Gboweiah earned an Ed Doherty Award Nomination Medallion after gaining 315 yards on 24 carries with three touchdowns in the 46-28 win over previously unbeaten Marana on Oct. 1. He was also the AllSportsTucson.com APS Digital/Frog & Firkin Player of the Week after that game.
Those are honors the offensive linemen share with Gboweiah although their names are not on the medallions and banners.
“At the end of the day, we don’t need the publicity because we’re linemen,” the younger Roman said. “That’s our job — we execute. We protect them, make sure they get the yards.”
Their stiffest test to this point will be going against Salpointe’s defensive front led by Rushing, who picked up a Division I offer from Washington on Wednesday after Arizona and ASU have offered, and middle linebacker Joey Sumlin, a son of Kevin Sumlin who will play college football somewhere.
“I love where I’m at right now, but I have so much more I can improve on,” said Rushing, a 6-foot-5, 220-pound athletic end who has recorded seven tackles for loss, including four sacks this season. “Every day, I go against Luis Cordova (a fellow Class of 2024 prospect who has been offered by Arizona and has plenty of Division I programs in his sights including Notre Dame).
“It builds confidence for both of us. Once we see people who are not D1 (potential) it’s just easier. When we see people in D1 (recruiting), it’s not anything new. We know it’s business whenever we go against them.”
Desert View’s line may not have a D1 prospect — although Samaniego at 6-foot-4 and 280 pounds is drawing interest from recruiters — but the Jaguars certainly have the experience and the mentality to handle challenges of the highest degree.
Chaparro said the idea that Desert View is not accustomed to a big-game atmosphere like Salpointe has experienced through the years is “dumb because we worked hard to get to where we are at right now. We put ourselves in position to be in these games.”
The Jaguars have certainly taken on the characteristic of their coach.
Bonillas is all business during practice and on the sideline during games. When Desert View scores a touchdown, he looks the same as if the Jaguars turned the ball over on downs, only less vociferous.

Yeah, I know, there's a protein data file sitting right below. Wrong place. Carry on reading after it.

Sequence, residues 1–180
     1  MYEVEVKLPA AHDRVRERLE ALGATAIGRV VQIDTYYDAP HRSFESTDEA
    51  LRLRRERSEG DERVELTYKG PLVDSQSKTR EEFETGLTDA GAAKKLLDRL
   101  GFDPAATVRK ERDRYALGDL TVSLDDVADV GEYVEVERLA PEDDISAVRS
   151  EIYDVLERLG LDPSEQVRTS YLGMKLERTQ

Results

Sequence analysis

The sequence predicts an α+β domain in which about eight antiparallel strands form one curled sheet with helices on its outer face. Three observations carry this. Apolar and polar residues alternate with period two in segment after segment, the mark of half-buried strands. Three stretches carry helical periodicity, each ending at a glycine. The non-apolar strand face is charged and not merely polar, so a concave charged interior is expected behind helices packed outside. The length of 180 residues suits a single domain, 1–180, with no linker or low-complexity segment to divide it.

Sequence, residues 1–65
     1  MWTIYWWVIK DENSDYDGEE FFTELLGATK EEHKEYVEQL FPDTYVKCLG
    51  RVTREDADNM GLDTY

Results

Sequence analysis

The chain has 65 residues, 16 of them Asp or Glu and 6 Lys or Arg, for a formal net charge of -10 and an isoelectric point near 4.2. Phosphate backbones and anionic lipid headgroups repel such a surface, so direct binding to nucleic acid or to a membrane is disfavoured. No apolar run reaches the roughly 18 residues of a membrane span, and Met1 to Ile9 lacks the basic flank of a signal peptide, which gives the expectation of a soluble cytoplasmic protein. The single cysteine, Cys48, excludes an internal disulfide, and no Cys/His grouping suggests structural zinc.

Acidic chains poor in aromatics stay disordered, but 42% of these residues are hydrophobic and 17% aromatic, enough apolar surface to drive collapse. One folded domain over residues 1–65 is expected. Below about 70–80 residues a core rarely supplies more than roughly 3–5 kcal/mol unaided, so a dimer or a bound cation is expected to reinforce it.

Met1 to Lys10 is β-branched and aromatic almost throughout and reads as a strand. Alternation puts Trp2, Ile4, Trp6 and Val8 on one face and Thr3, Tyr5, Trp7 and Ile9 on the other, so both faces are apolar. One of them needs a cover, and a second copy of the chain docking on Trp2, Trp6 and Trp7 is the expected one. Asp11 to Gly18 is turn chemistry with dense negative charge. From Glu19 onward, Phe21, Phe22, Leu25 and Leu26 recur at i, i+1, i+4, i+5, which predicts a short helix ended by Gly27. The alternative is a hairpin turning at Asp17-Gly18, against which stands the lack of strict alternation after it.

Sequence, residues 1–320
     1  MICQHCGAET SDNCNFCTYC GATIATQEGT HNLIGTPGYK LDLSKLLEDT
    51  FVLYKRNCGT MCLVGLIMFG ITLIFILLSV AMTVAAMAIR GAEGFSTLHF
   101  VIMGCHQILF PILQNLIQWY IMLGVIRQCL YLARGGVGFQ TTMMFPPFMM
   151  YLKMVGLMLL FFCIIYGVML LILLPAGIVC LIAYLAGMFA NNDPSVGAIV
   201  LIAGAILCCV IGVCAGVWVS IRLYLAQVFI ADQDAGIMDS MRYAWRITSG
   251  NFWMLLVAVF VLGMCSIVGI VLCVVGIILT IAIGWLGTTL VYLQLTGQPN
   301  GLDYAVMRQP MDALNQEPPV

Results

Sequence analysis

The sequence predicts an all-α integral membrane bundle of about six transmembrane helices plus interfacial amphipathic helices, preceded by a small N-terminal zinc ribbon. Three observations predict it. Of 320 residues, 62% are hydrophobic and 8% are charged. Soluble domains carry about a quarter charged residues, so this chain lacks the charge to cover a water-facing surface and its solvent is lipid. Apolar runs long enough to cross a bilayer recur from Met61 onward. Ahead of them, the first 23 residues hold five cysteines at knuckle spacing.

He handles all tasks with a purpose, a trait learned from playing under the late Dick Tomey at Arizona from 1995-98.
“It didn’t matter if we went 0-10 or playing for a championship, he always preached about getting better,” Bonillas said. “Believing in yourself, obviously, was the main one and with that, being together, you can accomplish a lot of great things.”
The work Bonillas and his staff have applied to the growth of the program will be on display for the state to see Friday night in front of what will be an expected overflow crowd at Jaguar Stadium.
Since a pair of 3-7 seasons following an 8-3 record in 2016, Bonillas has coached the Jaguars to a 12-4 record over the last three years. The Jaguars are on a six-game winning streak dating to last season and have won 10 of their last 12 games going back to 2019.
“Friday will come and that will be a great opportunity to see how we stand as a program,” Bonillas said.
If actions and looks are any barometer, Chaparro, Roman and Co. — intense from the start of practice — are ready for Salpointe’s challenge.
When asked why Desert View is unbeaten at the midway point of the season, the younger Roman said simply: “Good coaching.”
“That’s basically it,” he said. “We take it serious. It’s a statement season.”
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ALLSPORTSTUCSON.com publisher, writer and editor Javier Morales is a former Arizona Press Club award winner. He is a former Arizona Daily Star beat reporter for the Arizona basketball team, including when the Wildcats won the 1996-97 NCAA title. He has also written articles for CollegeAD.com, Bleacher Report, Lindy’s Sports, TucsonCitizen.com, The Arizona Republic, Sporting News and Baseball America, among many other publications. He has also authored the book “The Highest Form of Living”, which is available at Amazon. He became an educator five years ago and is presently a special education teacher at Gallego Fine Arts Intermediate in the Sunnyside Unified School District